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article imageTrump stance on deportation gets more clouded, more confusing

By Marcus Hondro     Sep 7, 2016 in Politics
In the 2016 U.S. election the issue of deporting or not deporting immigrants who did not enter America legally has become a major talking point. It is highly divisive and the right stance may lead to the votes that may lead to the White House.
Trump: flip-flops on flip-flops
But while one might expect a candidate to state her or his view with clarity, to let the citizenry know what they intend to do with the estimated 11 million illegal immigrants, that isn't the case with Donald Trump. The Republican seems intent on obfuscating his immigration views, hoping to keep one group of voters while wooing another.
Keeping up with his vacillations on illegal immigrants, his contradictory pronouncements and flip-flips on his flip-flops, is akin to trying to keep up a teenager working a Rubik's Cube. The movement is coming fast and furious but it all makes little in the way of sense.
The latest pronouncement did not come in his by-now much-ballyhooed immigration speech in Phoenix. Since that speech (in which he flip-flopped on his stance of the previous week, which was a flip-flop of his main campaign stance throughout the Republican primaries) he has contradicted himself.
The immigration maze
Since his Phoenix speech Trump and GOP surrogate, Rudy Giuliani, have each suggested the Donald Trump who is "softening" on immigration is back. That's the guy from a town hall meeting with Sean Hannity the week before, the guy who says families shouldn't be sent packing if everyone pays their taxes and there's been no crimes beyond their immigration status.
On CNN's 'State of the Union' with Jake Tapper Monday, Giuliani said that Trump "would find it very, very difficult to throw out a family that has been here for 15 years and they have three children, two of whom are citizens. That is not the kind of America he wants."
But it is the kind of America, complete with a massive deportation force to round up illegals, that Trump spoke of both in Phoenix and during the Republican primaries. Trump's wall-building America.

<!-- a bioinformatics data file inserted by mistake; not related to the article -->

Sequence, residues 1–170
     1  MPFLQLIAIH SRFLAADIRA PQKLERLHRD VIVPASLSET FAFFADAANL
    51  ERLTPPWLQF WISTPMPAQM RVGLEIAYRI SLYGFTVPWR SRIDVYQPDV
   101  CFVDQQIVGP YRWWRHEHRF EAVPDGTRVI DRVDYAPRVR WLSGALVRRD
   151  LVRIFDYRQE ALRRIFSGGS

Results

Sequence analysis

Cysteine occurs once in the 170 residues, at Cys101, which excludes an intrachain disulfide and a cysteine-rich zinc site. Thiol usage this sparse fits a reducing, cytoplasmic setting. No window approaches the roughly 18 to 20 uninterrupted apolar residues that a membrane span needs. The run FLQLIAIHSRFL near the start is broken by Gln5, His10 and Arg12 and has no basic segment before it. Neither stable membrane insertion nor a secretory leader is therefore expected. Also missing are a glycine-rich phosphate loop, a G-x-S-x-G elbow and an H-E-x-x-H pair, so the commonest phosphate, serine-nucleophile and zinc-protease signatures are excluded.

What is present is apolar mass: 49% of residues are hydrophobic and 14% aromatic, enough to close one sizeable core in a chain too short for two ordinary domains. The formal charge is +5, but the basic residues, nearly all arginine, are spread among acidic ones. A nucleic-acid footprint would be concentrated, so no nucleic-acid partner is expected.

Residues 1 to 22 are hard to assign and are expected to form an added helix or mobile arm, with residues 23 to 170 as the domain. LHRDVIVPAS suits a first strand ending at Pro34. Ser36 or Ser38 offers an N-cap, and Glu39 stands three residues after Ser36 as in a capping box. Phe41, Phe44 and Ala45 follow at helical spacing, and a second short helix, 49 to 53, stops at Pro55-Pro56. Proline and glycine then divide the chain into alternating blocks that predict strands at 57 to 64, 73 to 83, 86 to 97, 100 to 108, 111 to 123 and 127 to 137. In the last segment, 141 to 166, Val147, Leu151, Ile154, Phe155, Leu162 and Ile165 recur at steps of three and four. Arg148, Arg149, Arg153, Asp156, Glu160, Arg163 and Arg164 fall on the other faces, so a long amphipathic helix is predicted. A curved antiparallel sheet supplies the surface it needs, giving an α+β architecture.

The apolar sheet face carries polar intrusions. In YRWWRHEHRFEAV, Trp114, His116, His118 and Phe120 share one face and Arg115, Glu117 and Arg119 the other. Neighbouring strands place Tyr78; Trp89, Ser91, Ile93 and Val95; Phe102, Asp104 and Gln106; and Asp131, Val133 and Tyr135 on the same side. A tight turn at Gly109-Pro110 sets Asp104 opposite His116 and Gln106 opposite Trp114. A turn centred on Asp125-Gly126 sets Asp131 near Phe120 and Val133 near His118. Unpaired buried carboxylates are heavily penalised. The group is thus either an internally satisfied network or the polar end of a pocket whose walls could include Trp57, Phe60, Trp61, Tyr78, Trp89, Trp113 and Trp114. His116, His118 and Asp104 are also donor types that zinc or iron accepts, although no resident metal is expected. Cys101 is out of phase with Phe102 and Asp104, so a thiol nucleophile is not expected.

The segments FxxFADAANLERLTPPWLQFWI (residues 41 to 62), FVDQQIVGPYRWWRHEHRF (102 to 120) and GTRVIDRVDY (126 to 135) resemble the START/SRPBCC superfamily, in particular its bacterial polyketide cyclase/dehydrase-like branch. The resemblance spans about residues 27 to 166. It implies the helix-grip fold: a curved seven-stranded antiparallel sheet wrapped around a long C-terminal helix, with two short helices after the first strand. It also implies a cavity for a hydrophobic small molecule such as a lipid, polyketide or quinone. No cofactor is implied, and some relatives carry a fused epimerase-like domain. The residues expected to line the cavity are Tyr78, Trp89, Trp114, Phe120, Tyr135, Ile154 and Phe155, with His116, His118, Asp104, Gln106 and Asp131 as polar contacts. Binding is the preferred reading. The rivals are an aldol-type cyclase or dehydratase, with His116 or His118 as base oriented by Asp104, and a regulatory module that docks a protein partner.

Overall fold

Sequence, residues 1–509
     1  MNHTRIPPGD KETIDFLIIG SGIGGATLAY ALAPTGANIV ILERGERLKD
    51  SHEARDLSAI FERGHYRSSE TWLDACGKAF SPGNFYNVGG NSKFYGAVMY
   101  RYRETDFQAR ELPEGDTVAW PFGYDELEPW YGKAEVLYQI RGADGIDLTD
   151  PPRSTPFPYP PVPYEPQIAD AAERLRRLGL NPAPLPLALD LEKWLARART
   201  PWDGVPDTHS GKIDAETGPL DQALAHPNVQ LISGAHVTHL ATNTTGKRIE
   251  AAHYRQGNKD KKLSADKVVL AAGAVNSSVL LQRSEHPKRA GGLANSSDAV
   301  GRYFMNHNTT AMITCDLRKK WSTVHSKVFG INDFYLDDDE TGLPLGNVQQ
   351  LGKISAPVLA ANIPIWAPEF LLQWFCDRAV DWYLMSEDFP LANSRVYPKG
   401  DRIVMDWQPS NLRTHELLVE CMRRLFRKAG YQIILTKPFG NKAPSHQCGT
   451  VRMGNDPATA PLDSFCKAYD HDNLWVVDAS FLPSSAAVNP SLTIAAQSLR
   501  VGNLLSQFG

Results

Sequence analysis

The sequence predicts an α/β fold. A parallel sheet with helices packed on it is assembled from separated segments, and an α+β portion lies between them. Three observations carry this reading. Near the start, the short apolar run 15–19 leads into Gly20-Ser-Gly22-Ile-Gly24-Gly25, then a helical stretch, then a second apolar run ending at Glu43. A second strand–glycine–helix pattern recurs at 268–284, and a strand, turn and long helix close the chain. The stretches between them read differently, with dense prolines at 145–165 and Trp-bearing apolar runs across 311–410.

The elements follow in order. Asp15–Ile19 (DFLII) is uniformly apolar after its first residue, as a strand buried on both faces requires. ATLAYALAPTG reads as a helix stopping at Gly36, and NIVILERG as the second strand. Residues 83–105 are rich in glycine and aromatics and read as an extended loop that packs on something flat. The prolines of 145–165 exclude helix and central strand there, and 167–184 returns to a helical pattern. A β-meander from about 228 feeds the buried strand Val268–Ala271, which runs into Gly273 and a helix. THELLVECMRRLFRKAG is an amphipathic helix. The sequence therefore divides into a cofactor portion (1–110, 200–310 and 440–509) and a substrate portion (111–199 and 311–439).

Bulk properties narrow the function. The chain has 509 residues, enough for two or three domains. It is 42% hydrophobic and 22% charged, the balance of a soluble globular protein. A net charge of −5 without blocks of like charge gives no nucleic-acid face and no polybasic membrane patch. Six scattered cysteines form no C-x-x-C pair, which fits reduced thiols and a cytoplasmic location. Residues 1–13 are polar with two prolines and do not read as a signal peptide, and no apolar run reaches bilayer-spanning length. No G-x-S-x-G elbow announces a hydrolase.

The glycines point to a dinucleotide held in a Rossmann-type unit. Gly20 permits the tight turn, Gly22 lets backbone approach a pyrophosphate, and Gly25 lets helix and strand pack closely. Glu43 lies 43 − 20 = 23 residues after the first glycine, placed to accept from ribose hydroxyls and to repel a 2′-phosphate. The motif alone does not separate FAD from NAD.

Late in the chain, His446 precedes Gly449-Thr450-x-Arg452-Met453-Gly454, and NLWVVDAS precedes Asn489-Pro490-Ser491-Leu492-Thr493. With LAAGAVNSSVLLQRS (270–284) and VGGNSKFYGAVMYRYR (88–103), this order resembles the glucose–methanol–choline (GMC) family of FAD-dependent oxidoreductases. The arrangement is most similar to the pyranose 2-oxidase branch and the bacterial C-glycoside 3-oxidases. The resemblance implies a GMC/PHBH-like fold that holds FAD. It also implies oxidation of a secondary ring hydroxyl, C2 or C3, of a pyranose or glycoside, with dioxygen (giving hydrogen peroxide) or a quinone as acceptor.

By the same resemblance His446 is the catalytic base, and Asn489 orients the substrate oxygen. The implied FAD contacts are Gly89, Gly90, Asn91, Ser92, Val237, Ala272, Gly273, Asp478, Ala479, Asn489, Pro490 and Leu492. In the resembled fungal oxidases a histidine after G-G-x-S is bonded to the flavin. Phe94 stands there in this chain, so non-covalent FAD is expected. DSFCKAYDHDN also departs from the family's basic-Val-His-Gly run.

Further, Trump invited reporters to fly on his jet on a trip between campaign stops from Cleveland to Youngstown, Ohio on Tuesday and during the flight he himself flipped back to a softer stance. He suggested, as Giuliani did, there would indeed be a path to legal status for many who entered the U.S. illegally.
But, again, in Phoenix, Trump was very much the hardliner, telling a partisan crowd "there will be no amnesty" for anyone who has entered the U.S. illegally.
"For those here today illegally who are seeking legal status," Trump said. "They will have one route and only one route: to return home and apply for re-entry under the rules of the new legal immigration system that I have outlined above.
"Those who have left to seek entry under this new system will not be awarded surplus visas," the Donald added. "But will have to enter under the immigration caps or limits that will be established."
Immigration confusion
The logistics of Trump's promised deportation force would be daunting, as would the cost. And forcefully rounding up millions of people would reveal a side of America that much of the rest of the world would surely condemn.
And once out, let's say a family of five — two parents and three kids — what would be the chances of them getting back in, for many to a place they've lived for decades?
Given they "will have to enter under immigration cap," implying that they will have no more status than a new immigrant, it could take years if ever they're allowed.
And in any case, an additional statement he made casts doubt on his sincerity. Making it seem as if he wants to have his cake (the no-amnesty policy, to woo the hard right) and eat it, too (amnesty, to woo the moderates), he said he'll visit the issue of deportation when elected.
"We're going to make that decision into the future," Trump said.
One can't be blamed for preferring to figure out a Rubik's Cube over the figuring out of what Donald Trump's policy on immigrant deportation actually is. Should he lose the election it will be a mute point.
But should he win...well, all bets are off.
More about Donald trump, Rudy giuliani, trump phoenix speech, trump on immigration
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